Airfare sale crashes Southwest Airlines' website

HOUSTON (KTRK) -- Getting a good deal on airline tickets right now is turning out to be a lot harder than it seems.

Many of you probably rushed to Southwest Airlines' website after the airline slashed ticket prices to under $50 -- and therein lies the problem!

Many travelers are having no luck because the Southwest website crashed; now the sale is extended and other airlines are price matching.

With 2 kids in tow, it costs nearly a thousand dollars for Mandy McCabe to travel from Midland to Houston.

"It's very expensive to fly, especially because I have to pay for her seat now," said Mandy McCabe.

So when Southwest Airlines fare sale popped up, McCabe clicked on the link hoping to save money.

"I actually clicked on it a couple of times and I don't know if a lot of people were doing it, but, nothing, the page would not load," said McCabe.

Southwest's website was so overwhelmed by traffic getting a good deal was not easy, even for the pros.

"It was very slow, uh, did not get it, it was pending it said it did not know the URL," said Mike Weingart.

Weingart is the President of the Southwest Chapter of the American Society of Travel Agents.

He found the deals elusive even when he finally did make it into the website.

"I found some dates, but they were not subject to the sale, and when it was all said and done, I was ticketless," said Weingart.

But, Weingart says his friends who have a more flexible travel schedule did save.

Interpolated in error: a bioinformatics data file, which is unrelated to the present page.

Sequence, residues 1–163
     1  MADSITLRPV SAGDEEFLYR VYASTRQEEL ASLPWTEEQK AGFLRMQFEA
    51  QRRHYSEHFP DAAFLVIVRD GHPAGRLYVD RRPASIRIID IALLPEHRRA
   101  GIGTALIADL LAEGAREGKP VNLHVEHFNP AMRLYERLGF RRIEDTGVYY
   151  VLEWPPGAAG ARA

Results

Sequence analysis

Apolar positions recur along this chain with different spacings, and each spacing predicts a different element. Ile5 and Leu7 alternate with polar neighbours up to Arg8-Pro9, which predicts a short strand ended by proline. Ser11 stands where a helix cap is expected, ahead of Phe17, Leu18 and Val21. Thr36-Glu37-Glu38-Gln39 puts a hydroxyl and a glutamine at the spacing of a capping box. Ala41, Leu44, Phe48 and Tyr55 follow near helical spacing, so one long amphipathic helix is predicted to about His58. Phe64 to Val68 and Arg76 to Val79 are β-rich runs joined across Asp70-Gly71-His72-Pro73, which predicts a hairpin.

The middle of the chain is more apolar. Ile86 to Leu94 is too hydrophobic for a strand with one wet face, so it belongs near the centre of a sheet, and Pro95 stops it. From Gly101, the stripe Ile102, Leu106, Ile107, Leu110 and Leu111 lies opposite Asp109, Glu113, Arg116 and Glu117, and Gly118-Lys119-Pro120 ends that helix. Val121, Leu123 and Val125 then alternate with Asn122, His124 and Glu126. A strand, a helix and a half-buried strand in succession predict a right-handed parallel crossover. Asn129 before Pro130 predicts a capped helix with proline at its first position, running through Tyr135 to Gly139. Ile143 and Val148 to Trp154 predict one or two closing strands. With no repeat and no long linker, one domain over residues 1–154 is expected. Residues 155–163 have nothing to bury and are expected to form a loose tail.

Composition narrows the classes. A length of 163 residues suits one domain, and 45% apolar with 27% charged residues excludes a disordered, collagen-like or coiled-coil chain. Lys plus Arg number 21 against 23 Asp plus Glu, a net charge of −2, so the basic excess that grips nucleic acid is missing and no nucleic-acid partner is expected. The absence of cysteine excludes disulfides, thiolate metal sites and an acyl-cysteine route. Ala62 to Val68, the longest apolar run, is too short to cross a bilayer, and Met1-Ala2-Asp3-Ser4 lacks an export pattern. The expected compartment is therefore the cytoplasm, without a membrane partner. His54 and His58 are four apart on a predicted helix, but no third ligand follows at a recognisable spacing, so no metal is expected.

"They got $100 round trip to Kansas City," said Weingart.

This is not the first time Southwest has held fare sales and not the first time the company's website has struggled to meet demand.

In response, Southwest is extending the fare sale through Friday at midnight.

And now other airlines are matching Southwest's deals. American and United will price match the same routes offered by Southwest.

Weingart's not surprised by that at all.

"The airlines have an excellent reputation of laying follow the leader," said Weingart.

No matter when you shop for airline tickets online, disable the cookies web sites leave on your computer that track how much you've paid for tickets in the past.

It's called private browsing and it may result in lower ticket prices.

Here's how it works on Internet explorer. Click on the cog icon on the top right hand corner, click on the safety tab, then click on the "in private browsing" tab.

That way airline web sites will not know how much you typically spend on seats and in turn may offer you a lower price.

Southwest Airlines officials say they are learning form this incident and added the company has seen vast improvements in response times and all essential functions are up and working.
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